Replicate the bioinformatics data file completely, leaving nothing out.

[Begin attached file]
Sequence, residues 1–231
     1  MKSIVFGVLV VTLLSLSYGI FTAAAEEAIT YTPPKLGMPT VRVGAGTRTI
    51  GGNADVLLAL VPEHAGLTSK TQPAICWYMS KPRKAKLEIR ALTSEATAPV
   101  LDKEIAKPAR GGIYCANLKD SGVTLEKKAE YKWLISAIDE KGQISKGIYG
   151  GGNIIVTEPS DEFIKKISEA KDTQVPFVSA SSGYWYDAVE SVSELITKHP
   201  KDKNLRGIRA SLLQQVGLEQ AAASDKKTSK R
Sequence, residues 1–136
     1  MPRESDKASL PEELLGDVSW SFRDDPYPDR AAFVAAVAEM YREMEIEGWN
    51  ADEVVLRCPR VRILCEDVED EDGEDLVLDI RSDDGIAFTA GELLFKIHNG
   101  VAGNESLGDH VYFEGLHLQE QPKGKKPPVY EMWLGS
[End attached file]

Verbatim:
Sequence, residues 1–231
     1  MKSIVFGVLV VTLLSLSYGI FTAAAEEAIT YTPPKLGMPT VRVGAGTRTI
    51  GGNADVLLAL VPEHAGLTSK TQPAICWYMS KPRKAKLEIR ALTSEATAPV
   101  LDKEIAKPAR GGIYCANLKD SGVTLEKKAE YKWLISAIDE KGQISKGIYG
   151  GGNIIVTEPS DEFIKKISEA KDTQVPFVSA SSGYWYDAVE SVSELITKHP
   201  KDKNLRGIRA SLLQQVGLEQ AAASDKKTSK R
Sequence, residues 1–136
     1  MPRESDKASL PEELLGDVSW SFRDDPYPDR AAFVAAVAEM YREMEIEGWN
    51  ADEVVLRCPR VRILCEDVED EDGEDLVLDI RSDDGIAFTA GELLFKIHNG
   101  VAGNESLGDH VYFEGLHLQE QPKGKKPPVY EMWLGS